In the aftermath of his second trial, Mickey Jelke found it hard to escape the attention of the press. Mickey served 21-months in prison and was released in 1957. The press was waiting as he exited the prison in upstate New York. He and Sylvia Eder decided that Florida was more to their liking and settled outside of Miami. They quickly had two children, but domestic bliss was short-lived. Sylvia filed for divorce in 1959, withdrew the suit and filed again in 1960. The divorce became final the next year. Mickey married again and divorced again. The press followed and dutifully reported the allegations. By 1970, Mickey had finally found peace in southern Florida, but Michael J. Brody Jr.’s giveaway antics brought him back into the news as a background piece to the gold rush. He lived the rest of his life in Southern Florida, apparently satisfied to live off the income from various trusts established by his father or grandfather. One report, in 1990, estimated the income to be $318,000 per year. Mickey lived well, with a big house, a condo and a Rolls-Royce. He died, age 59, perhaps because of complications from cirrhosis of the liver. The long nights of drinking had finally caught up with him.
Like Mickey, Pat Ward also lingered prominently in the news for a few months, with the public appetite for details of her life still saleable—what she was doing, who she was dating. She dated and ditched a Connecticut nutmeg trucker, then moved back to New York and the Greenwich Village crowd of beatniks and bikers. She then slowly receded from the headlines, but her name periodically re-surfaced in the gossip columns as any mention of her sold papers. She had trouble with the I.R.S., which hounded her for taxes from the money she earned as Mickey’s play-for-pay gal. She married an attorney, and divorced him within two years. She made the dating scene, and rumors and spottings of her with one new beau or another were common. She soon married a wealthy Miami osteopath, but the marriage was stormy. She filed for divorce and withdrew the petition at least twice. She gave birth, to a boy. Her husband filed for divorce. They reconciled, and she filed for divorce, which became final. She tried becoming a singer. She overdosed on pills at least three times, either by accident or as pathetic suicide attempts. The newspapers and pulp magazines followed her travails with such titles as “What Happened to Pat Ward?”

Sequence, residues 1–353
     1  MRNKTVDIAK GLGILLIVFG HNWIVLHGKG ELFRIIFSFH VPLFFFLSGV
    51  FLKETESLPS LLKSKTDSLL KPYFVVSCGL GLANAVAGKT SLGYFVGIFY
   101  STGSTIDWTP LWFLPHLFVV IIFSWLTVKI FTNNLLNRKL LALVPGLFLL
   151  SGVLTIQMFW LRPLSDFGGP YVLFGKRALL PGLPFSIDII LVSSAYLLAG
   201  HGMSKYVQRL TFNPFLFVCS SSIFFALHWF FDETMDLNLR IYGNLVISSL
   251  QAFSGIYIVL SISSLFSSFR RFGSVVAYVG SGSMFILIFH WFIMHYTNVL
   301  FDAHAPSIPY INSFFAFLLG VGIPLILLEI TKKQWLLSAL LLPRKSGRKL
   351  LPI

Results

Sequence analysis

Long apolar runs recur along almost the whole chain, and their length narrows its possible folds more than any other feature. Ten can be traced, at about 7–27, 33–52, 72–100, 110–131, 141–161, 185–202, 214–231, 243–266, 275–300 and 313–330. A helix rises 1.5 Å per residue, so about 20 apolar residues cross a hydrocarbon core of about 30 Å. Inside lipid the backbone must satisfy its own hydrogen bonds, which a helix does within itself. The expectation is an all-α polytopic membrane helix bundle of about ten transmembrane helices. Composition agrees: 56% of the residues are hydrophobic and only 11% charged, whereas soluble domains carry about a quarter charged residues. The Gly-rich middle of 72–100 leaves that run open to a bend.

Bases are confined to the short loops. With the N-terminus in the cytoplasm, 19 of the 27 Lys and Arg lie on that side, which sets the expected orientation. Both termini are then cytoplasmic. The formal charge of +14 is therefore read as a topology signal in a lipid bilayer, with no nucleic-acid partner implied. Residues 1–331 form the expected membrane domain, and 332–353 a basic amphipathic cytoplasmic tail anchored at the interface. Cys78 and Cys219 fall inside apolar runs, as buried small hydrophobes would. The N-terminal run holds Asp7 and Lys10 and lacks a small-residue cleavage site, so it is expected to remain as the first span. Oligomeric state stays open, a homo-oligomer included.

By the mid-1960s, she had lost some of her youth and beauty, but she was still a striking woman. She and her son had moved to New York, but she was having trouble making a living. She began to work on her kiss-and-tell memoir and appeared on The David Susskind Show to publicize the work-in-progress. On the show, she said she was desperate and needed work. The offers rolled in: as a bathing suit model, a cocktail waitress, work in a beauty salon. The pastor of the First Reformed Church of Mt. Vernon in New York offered her a job as a church counselor. Reverend Harold Bredesen told the press, “She impressed me as being a real person, something genuine.” There is no record that she took the job or that she ever finished her tell-all autobiography. By the time Brody made his promise to give away his oleo fortune, she had submerged again. The Brody story brought Mickey’s name back into the newspapers but not Pat Ward’s. By late 1971, Pat Ward had finally disappeared into anonymity, with a last, brief mention of her in a New York paper in the fall of that year: “Pat Ward, teenage prostie of the Mickey Jelke scandal a thousand N.Y. disgraces ago, is around town again with a new hairdo (short), new figure (slender) and a new name; why make any more trouble for the poor dupe by revealing it.”
The story of Mickey and Pat made it to the big screen in 1995. Café Society starred Frank Whaley as Mickey and Lara Flynn Boyle as Pat. The move focuses on the relationship between Mickey and Pat as he coerces her into prostitution. Mickey is portrayed sympathetically as a scapegoat for the police and politicians. In some way, the movie missed the real story: it ends as the first trial is about to begin. The reviews for the movie were mixed, and it quickly moved to cable television. One review’s title indicated it was stylish but superficial. Another said it was “a pulpy throwback to the film noirs and B-movies of the 1940s,” but ultimately concluded it was “mildly amusing but unengaging.” It is available on dvd. It is faithful to the story but not historically accurate in many aspects.